7. Changes to Databases

7.1. Postgresql

Postgres users must take action! Due to our usage of gssapi and ident for authentication, we cannot set up a simple stunnel for secure connections between the datacenters. To ensure the security of your data, connections from one datacenter to the other will require ssl be enabled in postgres. Applications based on libpq ought to negotiate ssl automatically, but php applications using the PDO library will not automatically negotiate, and require sslmode=require be added to the connection string.

Postgresql is also being upgraded to 9.6 as 9.1 is not longer supported. There should be no major compatibility issues, and all databases will be automatically migrated. Postgres will still listen on port 5433; some time after migration is complete we will enable postgresql 11 on port 5432.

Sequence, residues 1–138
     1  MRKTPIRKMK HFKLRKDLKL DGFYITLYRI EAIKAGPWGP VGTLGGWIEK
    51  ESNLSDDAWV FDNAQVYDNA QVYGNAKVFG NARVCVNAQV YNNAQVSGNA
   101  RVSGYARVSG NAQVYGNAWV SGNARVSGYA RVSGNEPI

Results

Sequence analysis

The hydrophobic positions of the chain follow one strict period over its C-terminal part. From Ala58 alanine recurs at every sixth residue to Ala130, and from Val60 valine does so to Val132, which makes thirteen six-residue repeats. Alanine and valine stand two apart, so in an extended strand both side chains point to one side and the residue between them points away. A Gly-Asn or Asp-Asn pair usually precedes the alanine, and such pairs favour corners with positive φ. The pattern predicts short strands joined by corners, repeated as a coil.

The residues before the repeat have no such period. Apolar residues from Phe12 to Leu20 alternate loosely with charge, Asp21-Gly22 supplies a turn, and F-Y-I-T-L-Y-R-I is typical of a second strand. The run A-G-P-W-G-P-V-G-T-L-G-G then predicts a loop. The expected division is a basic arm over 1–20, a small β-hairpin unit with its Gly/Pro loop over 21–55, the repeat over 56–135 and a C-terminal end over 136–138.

dbtool commands for postgres will now use version postgres-9 instead of postgres-9.1.

7.2. MySQL

The MySQL migration should be transparent. We are staying on Percona MySQL 5.6, and are using an stunnel to transparently/securely proxy connections between the datacenters during migration.

8. Changes to XMPP

We are now using ejabberd 18.06, which brings ...

9. Features Coming After Migration

Once migration is completed, a few features will be implemented as soon as feasible:


DigitalOceanMigrationGuide (last edited 2018-12-09 22:30:35 by ClintonEbadi)